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Obama: The Good, The Bad, The Ugly- Part 1

(January 24, 2013)

Obama: The Good, The Bad, The Ugly- Part 1

by blackfeminists

Screen shot 2013-01-24 at 20.08.08

Following watching Cornel West's scathing criticism of Barack Obama's use of Martin Luther King's bible during his inaugration ceremony, Black Feminists rashné and Annabel discuss his presidency.  This is the first in a series of posts that chart the discussion on our thread.  Stay tuned!

rashné:

We don't need the mythology of Martin Luther King (MLK), to understand the failures of Obama. (I think that if we are to comment on the choreography of the event, there's much more to point to. Like, am I missing something or are the only people of color on stage 2 African-American men? Seriously? It's not just about the missing women. But if Latinos are the new, growing constituency, the ones that "won the election for Obama", shouldn't they have some representation? Of
course, As-Am would be lucky if they even got a tokenizing place, and Native Americans are always ghosts - present without presence. But that is US race politics for you...)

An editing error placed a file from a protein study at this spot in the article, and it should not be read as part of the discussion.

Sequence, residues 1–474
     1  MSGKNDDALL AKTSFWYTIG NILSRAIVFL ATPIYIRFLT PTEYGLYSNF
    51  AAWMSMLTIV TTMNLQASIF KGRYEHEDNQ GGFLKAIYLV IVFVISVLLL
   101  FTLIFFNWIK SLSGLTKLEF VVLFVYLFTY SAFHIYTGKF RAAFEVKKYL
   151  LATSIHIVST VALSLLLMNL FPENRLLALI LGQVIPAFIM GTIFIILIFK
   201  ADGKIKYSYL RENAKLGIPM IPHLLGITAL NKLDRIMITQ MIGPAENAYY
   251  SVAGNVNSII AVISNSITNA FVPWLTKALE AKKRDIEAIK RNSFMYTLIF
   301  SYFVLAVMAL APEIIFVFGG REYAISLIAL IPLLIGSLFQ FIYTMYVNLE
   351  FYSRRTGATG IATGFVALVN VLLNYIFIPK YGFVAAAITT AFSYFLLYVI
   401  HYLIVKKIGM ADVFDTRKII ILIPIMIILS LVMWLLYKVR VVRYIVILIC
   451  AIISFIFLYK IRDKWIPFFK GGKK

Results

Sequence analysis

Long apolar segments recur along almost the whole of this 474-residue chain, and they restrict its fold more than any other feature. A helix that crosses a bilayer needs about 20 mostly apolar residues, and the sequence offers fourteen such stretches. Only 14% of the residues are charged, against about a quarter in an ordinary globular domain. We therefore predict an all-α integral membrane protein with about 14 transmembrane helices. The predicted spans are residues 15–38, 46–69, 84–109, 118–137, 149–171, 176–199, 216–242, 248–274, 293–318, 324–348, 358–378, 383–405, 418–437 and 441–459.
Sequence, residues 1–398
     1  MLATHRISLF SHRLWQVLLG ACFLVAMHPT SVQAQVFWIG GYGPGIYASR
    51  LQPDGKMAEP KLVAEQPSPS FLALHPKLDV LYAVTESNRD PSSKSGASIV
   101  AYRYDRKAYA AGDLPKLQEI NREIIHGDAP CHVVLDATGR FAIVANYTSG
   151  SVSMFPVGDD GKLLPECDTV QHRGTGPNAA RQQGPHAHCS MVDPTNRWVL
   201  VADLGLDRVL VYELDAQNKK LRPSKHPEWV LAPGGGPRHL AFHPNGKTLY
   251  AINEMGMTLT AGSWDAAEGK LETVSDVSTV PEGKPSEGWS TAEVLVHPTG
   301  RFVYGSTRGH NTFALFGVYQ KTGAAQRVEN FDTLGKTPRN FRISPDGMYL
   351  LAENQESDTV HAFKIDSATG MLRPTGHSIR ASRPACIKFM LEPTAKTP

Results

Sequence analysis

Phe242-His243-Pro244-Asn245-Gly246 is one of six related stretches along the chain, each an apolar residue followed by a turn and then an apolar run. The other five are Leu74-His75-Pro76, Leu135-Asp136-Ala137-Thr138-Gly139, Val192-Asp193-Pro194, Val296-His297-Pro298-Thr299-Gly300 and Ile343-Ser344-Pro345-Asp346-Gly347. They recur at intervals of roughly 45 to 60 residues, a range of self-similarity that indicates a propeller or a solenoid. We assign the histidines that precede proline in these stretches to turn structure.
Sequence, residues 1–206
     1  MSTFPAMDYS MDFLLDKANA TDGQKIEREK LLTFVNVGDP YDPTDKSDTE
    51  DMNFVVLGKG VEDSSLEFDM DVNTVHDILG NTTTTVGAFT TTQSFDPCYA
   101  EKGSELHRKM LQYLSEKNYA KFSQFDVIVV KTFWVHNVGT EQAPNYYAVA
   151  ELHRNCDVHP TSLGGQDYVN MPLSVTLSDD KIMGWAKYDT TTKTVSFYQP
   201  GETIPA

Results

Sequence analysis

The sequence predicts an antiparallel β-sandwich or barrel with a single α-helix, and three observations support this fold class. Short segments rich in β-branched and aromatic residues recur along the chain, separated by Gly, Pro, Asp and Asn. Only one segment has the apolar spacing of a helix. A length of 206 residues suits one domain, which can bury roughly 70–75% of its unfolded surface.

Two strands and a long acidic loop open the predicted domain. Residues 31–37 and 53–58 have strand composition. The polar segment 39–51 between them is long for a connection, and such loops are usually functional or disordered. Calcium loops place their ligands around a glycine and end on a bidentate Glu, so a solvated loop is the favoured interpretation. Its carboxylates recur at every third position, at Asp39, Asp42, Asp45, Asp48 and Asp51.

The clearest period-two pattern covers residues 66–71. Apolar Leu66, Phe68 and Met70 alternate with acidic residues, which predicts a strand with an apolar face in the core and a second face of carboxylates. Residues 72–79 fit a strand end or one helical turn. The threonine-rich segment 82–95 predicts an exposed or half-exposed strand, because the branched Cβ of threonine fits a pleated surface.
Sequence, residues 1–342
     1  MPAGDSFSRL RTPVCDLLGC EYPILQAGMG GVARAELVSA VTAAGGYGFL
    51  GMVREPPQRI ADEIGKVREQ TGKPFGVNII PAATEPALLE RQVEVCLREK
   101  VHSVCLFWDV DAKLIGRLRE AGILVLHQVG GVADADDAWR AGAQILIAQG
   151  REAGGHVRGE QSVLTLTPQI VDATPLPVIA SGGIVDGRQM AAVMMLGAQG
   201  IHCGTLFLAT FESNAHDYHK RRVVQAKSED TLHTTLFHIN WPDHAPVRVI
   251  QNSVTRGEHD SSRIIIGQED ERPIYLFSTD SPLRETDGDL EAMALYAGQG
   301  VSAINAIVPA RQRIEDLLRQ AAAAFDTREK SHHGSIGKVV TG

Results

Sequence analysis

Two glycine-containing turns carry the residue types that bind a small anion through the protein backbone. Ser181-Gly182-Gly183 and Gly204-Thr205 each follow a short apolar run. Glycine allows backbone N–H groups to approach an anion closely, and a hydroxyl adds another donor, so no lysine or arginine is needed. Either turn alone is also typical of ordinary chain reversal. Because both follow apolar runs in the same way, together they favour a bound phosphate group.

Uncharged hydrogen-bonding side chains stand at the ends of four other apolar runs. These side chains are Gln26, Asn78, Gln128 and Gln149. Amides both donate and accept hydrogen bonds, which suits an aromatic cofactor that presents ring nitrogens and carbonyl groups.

I don't often admit this, but I volunteered for the Obama campaign in 2008 for about a month before the election.  I did it because (1) I didn't think McCain was an option; and (2) I didn't believe (or didn't want to believe) that the person who wrote "Dreams from my Father" could be a complete fraud. If I was not completely convinced of what I was doing before, the process of actually volunteering did convince me. I used to canvass mainly with high school kids and retired folk, primarily of colour. It is through them that I was convinced that even the symbolism of Obama's candidacy (and potential victory) was something meaningful, something worth fighting for. And that is why I used to get upset with my leftist white friends, because their indifference or hostility to his candidacy totally missed this point.

This inauguration day, though, I was on the verge of tears all day (I didn't care to watch any of it) because of the loss of all that. The true loss/failure of Obama's presidency is that while black and brown kids (cis-boys, at least) will grow up thinking that they can be president someday, they will never learn (not through Obama at least) that it is possible, or imperative, to be a different kind of president.